I made this image by getting as close to the ground with my camera as possible to accentuate the sand and shells in the foreground as well as the sky and upcoming sunset. What drew me to the scene initially were the wisps of clouds that look like smoke coming off of a fire.
Stand Up Paddleboarding (SUPing) here is not just a flat-water sport as it is in Florida. Here it is quite the opposite. Yes there are people that SUP on flat water, but most do it as a form of surfing. Some people here were quite amazed when I told them that in Miami people do Yoga on them. You can do that when the water does not move. The SUP's are also much shorter for performance riding on the waves, like these guys were getting ready to practice. I saw them almost at sunset and I asked them to pose for a photo. I also gave them my card, and when the one on the left emailed me I sent them the image for free. I do that with all of the images I make of people I encounter.
If you've been following my posts, you can probably tell I love photographing the weather here. I never lived on the beach, and never realized how quickly the weather changes and how beautiful and dramatic it is when it is extreme and combined with a sunset. This is another image of "The Cape of Storms" in all it's glory.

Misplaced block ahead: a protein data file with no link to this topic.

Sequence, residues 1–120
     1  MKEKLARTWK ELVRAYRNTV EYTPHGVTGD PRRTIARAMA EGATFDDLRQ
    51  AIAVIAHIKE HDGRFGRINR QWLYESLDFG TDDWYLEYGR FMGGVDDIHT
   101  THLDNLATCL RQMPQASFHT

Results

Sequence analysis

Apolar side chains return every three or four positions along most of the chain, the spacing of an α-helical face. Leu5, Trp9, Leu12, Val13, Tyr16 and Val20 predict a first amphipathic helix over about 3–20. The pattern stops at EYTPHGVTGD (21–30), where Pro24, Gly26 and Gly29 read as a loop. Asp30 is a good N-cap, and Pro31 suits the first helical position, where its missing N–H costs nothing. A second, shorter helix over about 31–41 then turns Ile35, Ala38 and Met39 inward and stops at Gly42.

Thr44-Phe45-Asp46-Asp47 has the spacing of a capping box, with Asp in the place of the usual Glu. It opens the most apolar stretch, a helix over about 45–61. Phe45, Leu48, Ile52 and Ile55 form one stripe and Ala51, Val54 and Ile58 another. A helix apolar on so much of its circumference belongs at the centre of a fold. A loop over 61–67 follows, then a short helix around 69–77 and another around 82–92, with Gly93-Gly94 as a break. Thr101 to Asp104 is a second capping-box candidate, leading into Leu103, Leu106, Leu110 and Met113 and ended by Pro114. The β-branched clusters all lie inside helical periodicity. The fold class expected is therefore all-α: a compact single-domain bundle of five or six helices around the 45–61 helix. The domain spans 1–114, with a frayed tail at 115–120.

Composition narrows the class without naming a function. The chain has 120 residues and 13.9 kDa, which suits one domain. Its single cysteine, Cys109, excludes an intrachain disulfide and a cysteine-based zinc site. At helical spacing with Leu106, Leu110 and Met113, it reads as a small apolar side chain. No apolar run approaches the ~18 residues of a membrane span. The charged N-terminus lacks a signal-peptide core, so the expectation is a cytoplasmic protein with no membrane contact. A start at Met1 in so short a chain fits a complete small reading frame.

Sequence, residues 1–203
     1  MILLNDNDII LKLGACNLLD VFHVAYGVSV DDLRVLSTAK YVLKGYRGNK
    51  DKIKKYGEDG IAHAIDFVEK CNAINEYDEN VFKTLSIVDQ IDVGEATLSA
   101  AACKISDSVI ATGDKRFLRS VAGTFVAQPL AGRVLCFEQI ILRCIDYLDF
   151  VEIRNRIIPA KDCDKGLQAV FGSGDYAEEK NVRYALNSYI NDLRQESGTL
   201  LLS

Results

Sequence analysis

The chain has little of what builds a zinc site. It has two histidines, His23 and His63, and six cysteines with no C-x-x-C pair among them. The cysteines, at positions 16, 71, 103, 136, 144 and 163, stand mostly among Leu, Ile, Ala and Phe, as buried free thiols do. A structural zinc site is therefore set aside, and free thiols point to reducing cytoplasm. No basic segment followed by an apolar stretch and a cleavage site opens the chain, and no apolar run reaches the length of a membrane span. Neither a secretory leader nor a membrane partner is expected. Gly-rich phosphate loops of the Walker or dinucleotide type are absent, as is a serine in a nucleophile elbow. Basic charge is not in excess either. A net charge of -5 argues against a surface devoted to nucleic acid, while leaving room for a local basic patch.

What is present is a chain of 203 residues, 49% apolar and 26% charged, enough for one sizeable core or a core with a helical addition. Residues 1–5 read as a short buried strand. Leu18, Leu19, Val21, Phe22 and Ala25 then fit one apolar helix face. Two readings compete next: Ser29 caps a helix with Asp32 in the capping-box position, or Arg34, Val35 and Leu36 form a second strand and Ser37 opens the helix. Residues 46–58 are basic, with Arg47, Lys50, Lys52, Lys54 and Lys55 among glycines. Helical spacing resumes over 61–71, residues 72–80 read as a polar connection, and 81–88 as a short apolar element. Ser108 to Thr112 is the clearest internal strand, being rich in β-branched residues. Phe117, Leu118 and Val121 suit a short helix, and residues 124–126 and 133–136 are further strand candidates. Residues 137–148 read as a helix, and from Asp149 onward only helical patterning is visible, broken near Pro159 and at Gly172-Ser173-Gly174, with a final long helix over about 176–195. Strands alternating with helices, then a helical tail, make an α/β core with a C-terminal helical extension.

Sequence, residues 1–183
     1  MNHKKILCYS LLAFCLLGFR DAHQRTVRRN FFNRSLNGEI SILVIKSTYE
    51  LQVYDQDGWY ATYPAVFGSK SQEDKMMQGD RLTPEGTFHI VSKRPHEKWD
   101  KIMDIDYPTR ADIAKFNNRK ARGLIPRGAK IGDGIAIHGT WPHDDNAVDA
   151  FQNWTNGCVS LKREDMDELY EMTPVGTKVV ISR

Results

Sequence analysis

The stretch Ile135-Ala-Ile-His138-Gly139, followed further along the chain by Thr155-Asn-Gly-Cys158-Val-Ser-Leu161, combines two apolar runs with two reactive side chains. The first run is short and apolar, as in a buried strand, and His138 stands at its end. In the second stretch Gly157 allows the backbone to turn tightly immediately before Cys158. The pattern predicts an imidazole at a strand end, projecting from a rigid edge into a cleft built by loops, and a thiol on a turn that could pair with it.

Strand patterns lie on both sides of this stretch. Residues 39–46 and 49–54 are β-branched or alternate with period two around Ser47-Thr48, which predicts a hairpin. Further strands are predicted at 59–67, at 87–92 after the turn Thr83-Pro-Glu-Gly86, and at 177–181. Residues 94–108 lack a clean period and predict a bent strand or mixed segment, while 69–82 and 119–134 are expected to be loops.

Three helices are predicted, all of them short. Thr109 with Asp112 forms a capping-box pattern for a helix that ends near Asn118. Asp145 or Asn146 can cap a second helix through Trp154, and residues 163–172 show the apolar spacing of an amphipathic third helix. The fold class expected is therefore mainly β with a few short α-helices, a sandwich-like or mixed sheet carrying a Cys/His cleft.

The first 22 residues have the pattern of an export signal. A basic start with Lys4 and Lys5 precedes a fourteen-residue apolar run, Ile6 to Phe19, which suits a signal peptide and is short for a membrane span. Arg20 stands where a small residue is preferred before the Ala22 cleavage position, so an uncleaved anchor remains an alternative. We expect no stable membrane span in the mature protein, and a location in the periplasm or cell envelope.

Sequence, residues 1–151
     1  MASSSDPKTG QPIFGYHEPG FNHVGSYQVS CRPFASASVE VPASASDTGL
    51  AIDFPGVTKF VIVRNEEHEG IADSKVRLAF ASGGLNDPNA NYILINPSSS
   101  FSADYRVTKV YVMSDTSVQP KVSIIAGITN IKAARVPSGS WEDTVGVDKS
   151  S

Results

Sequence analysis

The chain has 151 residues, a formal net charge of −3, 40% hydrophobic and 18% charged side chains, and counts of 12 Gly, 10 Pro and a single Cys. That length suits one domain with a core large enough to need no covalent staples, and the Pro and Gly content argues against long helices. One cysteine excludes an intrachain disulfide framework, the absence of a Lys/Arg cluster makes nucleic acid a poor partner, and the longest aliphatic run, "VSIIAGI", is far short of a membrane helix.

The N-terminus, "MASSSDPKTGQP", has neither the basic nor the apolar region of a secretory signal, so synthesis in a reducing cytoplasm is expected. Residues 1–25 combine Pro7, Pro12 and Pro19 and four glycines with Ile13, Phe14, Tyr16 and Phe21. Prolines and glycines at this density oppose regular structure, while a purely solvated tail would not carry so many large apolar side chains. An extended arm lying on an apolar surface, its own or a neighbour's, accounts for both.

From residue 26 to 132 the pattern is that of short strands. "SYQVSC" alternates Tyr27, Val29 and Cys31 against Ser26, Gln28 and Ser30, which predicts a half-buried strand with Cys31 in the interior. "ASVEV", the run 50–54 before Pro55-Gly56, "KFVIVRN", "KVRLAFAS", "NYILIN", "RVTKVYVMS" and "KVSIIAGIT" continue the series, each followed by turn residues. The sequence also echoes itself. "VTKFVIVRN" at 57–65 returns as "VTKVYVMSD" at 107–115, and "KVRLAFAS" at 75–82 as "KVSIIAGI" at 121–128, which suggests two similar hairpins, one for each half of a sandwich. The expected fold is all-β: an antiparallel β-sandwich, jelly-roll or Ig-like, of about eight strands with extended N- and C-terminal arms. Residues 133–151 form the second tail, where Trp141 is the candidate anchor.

Cape Of Good Hope : Bartolomeu Dias originally named it the "Cape of Storms". If you have felt the winds in the Cape, you can draw your own conclusions as to why he named it that.
However, it was later renamed by John II of Portugal as "Cape of Good Hope" because of the great optimism engendered by the opening of a sea route to India and the East, which would be fruitful for trade.
Made this image while awaiting a Pizza at the local Italian restaurant. For some reason it just reminded me of what should be typical in an Italian restaurant.
Storm at Sunset, Cape Town shows the impressive colors that can be experienced by the combination of the two. This is an HDR (High Dynamic Range) image where three images at different exposures are combined to be able to get detail in the shadows, and highlights where one would normally not be seen. It's not as easy as it sounds as you have to determine on your own what the initial exposure should be. If you want to know more about HDR a photographer named Trey Ratcliff gives a tutorial on how to produce the images at www.stuckincustoms.com .